Ben Hibburd’s review published on Letterboxd:
The French Connection II is another example of fantastic gritty 70’s filmmaking. John Frankenheimer took what could’ve easily been a quick cash grab of one of the best police dramas ever made, and instead created a solid sequel that manages to stand shoulder to shoulder with the original. The film sees the return of New York detective “Popeye” Jimmy Doyle (Gene Hackman) as he tracks down Alain Charnier, the drug smuggler who managed to slip away at the end of the previous film to Marseille.
Whilst the film certainly has a more melodramatic edge than its predecessor it still manages to stay relatively grounded in the style the first film set-up. John Frankenheimer retains all of the same visual rough edges whilst using grimy, derelict locations that add another layer of atmosphere to the criminal world that Friedkin used to perfection. The film’s script is also surprisingly effective for its time. Usually a sequel is more action oriented, here though it’s the complete opposite as the film examines Doyle’s character first and foremost.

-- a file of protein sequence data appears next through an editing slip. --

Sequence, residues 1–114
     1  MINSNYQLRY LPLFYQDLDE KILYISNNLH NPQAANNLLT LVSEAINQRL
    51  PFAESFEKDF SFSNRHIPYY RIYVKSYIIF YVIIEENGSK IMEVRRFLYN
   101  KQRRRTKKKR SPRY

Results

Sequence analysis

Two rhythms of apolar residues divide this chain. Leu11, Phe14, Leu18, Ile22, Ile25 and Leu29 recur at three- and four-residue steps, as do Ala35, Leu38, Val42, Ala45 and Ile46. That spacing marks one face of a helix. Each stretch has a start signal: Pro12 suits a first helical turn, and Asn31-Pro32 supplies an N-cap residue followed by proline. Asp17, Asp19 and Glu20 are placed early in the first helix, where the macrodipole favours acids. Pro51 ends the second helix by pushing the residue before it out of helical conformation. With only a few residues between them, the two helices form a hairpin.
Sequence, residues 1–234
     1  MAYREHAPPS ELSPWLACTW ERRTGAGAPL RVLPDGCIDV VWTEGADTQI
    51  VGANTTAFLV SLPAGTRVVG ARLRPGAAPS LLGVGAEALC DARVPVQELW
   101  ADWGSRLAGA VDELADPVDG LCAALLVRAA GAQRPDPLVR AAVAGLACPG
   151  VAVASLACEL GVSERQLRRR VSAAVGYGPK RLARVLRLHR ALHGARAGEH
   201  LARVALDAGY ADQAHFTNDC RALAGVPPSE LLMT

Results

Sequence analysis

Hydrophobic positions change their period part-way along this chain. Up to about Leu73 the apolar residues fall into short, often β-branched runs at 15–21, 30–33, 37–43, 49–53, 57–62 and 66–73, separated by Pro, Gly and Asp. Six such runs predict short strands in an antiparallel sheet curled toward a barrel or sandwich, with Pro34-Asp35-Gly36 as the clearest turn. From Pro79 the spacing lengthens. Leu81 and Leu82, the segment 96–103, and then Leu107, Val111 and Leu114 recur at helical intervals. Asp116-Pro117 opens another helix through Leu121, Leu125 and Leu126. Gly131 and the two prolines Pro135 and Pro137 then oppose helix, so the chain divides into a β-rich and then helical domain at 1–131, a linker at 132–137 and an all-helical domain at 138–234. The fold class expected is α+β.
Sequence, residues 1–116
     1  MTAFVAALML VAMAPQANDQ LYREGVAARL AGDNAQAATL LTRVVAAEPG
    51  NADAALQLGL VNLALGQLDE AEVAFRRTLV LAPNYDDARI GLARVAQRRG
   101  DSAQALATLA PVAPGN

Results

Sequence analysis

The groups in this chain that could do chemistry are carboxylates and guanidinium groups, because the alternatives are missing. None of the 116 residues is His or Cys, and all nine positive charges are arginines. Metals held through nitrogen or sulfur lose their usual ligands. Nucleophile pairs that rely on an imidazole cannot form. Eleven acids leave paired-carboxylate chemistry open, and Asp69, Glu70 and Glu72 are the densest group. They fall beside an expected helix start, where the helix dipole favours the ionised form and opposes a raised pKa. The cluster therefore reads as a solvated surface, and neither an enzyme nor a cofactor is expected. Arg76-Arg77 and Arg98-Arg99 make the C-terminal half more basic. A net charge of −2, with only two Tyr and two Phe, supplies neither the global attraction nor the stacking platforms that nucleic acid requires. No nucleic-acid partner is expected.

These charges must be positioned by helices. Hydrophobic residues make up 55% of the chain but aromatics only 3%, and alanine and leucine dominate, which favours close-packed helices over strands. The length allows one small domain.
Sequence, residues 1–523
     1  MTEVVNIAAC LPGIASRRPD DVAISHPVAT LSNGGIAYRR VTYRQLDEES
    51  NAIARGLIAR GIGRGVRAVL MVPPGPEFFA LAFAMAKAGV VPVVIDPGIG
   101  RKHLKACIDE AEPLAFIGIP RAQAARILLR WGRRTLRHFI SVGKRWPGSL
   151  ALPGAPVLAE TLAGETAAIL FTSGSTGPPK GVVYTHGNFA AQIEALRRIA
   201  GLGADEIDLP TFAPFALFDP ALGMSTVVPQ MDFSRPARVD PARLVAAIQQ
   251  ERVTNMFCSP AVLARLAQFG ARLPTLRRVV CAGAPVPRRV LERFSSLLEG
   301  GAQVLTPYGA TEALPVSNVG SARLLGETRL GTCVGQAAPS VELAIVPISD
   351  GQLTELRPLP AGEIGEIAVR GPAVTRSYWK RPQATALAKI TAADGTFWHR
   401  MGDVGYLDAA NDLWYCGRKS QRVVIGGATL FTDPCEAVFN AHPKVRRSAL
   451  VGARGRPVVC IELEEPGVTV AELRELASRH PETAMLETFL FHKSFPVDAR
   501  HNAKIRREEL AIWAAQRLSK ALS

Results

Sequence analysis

Gene Hackman once again delivers a wonderful performance as the the hotheaded “Popeye”, and with this film he’s able to expand on the wonderful characterisation of the first film. He gets to really sink his teeth into the role as he breaks Doyle down not just mentally but physically before rebuilding him.
The only downside is that this film wasn’t able to capture the sheer visceral raw energy of its predecessor, which in defence of the sequel it was near impossible to capture that zeitgeist again. However, what it lacks in that department it makes up for with its deep characterisation of its lead character. In the end this film was a pleasant surprise I thought it would be a typical generic sequel beforehand, instead it turned out to be a film that holds up on its own. French Connection II is an excellent continuation of the story, and it’s a shame that this film is still under-appreciated as it has a lot to offer.